Muscle Biology and Diseases
Cell Biology of Myogenesis, Muscle Repair, Regeneration and Aging
The Center for Genetic Medicine Muscle Group focuses on understanding the cell biology of muscle and degenerative diseases. Research focus areas include muscular dystrophy, membrane trafficking, genetic diseases of muscle such as Duchenne muscular dystrophy, heart failure, steroid signaling/gene expression and microRNA regulation.
- Mitochondria as a Local Signaling Hub
A serendipitous discovery that mitochondrial proteins accumulate at the injured cell membrane and mitochondria in muscle fiber can accumulate at the site of injury, led us to studies that have uncovered the requirement of mitochondria in repairing cell membrane injury. We find that calcium that enters the injured cell is taken up by mitochondria in a regulated manner which allows controlled production of reactive oxygen species (ROS). This ROS locally activates the reorganization of actin cytoskeleton to enable closure of the cellular wound. Despite being organized in a cell-wide network, mitochondria can act locally by controlled mitochondrial fission at the site of injury. We study how mutations that alter mitochondrial calcium uptake, ROS production or fission, compromise cell repair and lead to muscle diseases. Injury-mediated regulation of these processes in healthy cells, their downstream effectors and the role of mitochondrial interactions with other organelles in controlling this repair mechanism are some of the other open questions.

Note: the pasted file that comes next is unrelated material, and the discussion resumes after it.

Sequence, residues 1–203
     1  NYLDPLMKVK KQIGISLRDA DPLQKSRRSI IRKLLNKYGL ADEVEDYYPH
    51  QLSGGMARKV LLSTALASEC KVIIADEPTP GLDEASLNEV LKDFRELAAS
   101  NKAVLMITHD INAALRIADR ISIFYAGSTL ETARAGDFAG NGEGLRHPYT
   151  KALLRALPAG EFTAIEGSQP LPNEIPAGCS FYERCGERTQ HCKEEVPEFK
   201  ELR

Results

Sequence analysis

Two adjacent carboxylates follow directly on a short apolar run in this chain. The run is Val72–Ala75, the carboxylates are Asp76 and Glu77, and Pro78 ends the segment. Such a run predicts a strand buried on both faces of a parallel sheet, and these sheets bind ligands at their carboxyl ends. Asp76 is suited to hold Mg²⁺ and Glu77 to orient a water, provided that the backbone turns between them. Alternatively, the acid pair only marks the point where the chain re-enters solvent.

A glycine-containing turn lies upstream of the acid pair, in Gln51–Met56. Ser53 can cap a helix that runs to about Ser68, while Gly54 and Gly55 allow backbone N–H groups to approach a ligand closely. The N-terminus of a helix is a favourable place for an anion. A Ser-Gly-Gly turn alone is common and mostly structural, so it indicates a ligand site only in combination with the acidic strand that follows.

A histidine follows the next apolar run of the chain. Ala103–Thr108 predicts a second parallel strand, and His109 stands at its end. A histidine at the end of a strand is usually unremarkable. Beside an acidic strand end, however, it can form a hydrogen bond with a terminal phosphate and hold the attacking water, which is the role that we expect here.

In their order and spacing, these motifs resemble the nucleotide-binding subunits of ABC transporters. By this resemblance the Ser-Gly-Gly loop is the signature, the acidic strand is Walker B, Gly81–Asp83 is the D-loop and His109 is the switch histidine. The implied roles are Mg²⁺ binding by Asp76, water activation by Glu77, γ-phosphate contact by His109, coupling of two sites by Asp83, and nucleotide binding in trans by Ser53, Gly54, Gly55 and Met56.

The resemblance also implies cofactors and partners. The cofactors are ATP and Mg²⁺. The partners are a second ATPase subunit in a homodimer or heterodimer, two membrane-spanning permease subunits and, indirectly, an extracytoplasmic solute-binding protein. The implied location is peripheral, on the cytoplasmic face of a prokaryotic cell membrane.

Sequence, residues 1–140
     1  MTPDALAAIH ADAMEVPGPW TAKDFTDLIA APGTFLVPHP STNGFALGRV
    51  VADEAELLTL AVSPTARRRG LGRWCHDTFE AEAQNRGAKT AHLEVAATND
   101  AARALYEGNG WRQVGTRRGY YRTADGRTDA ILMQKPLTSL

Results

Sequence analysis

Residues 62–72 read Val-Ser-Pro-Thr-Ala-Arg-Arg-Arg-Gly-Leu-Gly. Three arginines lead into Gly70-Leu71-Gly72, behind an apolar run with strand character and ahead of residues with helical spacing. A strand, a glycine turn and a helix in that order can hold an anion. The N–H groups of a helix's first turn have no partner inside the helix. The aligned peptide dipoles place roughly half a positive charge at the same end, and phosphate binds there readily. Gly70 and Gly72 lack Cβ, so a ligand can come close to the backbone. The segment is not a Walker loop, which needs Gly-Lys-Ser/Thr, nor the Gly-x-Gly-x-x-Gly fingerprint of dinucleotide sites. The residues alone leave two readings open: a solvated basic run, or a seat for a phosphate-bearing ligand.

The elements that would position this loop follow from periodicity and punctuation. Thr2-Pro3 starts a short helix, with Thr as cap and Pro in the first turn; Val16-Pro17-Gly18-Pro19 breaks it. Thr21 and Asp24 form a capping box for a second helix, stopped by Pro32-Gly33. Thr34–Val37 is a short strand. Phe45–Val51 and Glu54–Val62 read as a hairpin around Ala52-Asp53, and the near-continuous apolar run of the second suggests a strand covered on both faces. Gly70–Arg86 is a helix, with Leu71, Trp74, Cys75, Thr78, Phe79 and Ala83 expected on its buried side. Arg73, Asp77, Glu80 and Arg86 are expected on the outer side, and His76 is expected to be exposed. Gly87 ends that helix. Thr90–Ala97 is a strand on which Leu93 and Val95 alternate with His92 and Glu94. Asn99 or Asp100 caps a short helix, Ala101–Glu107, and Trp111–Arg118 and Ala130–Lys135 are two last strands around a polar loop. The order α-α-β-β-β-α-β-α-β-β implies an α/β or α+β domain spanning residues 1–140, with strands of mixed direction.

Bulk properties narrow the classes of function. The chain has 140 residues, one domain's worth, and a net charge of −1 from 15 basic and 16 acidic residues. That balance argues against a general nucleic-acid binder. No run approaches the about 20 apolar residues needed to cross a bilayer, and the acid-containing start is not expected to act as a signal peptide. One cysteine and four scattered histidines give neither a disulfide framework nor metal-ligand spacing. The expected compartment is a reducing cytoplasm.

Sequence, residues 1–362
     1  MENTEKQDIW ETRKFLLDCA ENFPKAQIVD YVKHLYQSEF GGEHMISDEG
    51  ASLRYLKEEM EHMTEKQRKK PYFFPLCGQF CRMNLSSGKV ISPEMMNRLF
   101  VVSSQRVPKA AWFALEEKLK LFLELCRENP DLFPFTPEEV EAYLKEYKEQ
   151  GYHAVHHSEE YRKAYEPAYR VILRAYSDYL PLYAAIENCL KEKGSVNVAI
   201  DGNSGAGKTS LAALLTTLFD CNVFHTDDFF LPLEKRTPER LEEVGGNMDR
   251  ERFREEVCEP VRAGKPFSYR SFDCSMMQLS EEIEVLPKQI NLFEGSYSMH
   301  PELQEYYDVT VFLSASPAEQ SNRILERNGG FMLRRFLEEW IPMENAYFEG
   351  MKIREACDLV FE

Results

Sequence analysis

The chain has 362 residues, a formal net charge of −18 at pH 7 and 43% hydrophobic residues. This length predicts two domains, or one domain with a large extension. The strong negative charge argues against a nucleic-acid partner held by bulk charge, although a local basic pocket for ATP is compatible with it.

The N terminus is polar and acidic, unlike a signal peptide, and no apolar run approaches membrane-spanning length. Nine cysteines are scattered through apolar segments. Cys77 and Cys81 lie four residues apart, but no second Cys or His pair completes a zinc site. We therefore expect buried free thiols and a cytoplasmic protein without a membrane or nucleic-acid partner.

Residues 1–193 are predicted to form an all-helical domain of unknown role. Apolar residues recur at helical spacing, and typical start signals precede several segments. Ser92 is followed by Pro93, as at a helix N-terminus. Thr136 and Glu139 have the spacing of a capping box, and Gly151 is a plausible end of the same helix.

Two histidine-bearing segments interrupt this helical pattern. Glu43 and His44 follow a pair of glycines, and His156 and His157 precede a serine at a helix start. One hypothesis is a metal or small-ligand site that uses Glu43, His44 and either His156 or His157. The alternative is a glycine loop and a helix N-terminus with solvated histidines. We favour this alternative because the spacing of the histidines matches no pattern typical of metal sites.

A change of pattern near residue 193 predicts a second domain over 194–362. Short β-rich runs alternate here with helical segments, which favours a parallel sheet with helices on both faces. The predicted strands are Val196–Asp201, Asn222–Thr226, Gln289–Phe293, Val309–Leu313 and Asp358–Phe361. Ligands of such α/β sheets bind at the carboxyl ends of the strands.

Investigation of Antisense Oligonucleotide Delivery and Pharmacokinetics
The use of splice-switching antisense oligonucleotides (ASO) for genetic diseases like DMD has moved from the bench to the clinic. Despite this recent success, efficacy of ASO delivery has remained far from optimal, limiting the extent of clinical benefit of ASO-based therapies for DMD and other diseases. The laboratory of James Novak, Ph.D., together with the laboratories of Terence Partridge, Ph.D., and Jyoti Jaiswal, Ph.D., has recently identified tissue inflammation as an unexpected ally for overcoming this constraint. Working to understand the mechanism of ASO delivery in DMD, the team discovered that inflammatory cells function as an intramuscular reservoir that locally stores the intravenously-administered ASO in regions of muscle necrosis and repair (Novak et al. 2017). This finding points to a potentially novel strategy for systemic ASO delivery, involving the use of inflammatory cells as a Trojan horse. Such an approach would have the benefit not only of enhancing tissue-specific delivery of ASO, but also of reducing the impact of their rapid clearance from circulation. The team is also investigating the following:
- ASO delivery strategies for multi-exon skipping with the DMD exon 45-55 ‘hot spot’ region
- Mechanisms regulating the delivery of cell-penetrating peptide (CPP) antisense agents
- Long-term consequences of chronic morpholino exposure to muscle and kidneys
- Surrogate biomarkers as predictive outcome measures of morpholino-induced exon skipping at distinct periods of growth or heightened pathology in mouse models of the disease.
This research is supported by a NIH U54 grant on pediatric pharmacology, Parent Project Muscular Dystrophy and Early Stage Investigator Development Grants awarded to Dr. Novak through the M.D.A., Duchenne Parent Project – Netherlands and Foundation to Eradicate Duchenne.
Pathophysiological Mechanisms and Therapies for Muscular Dystrophies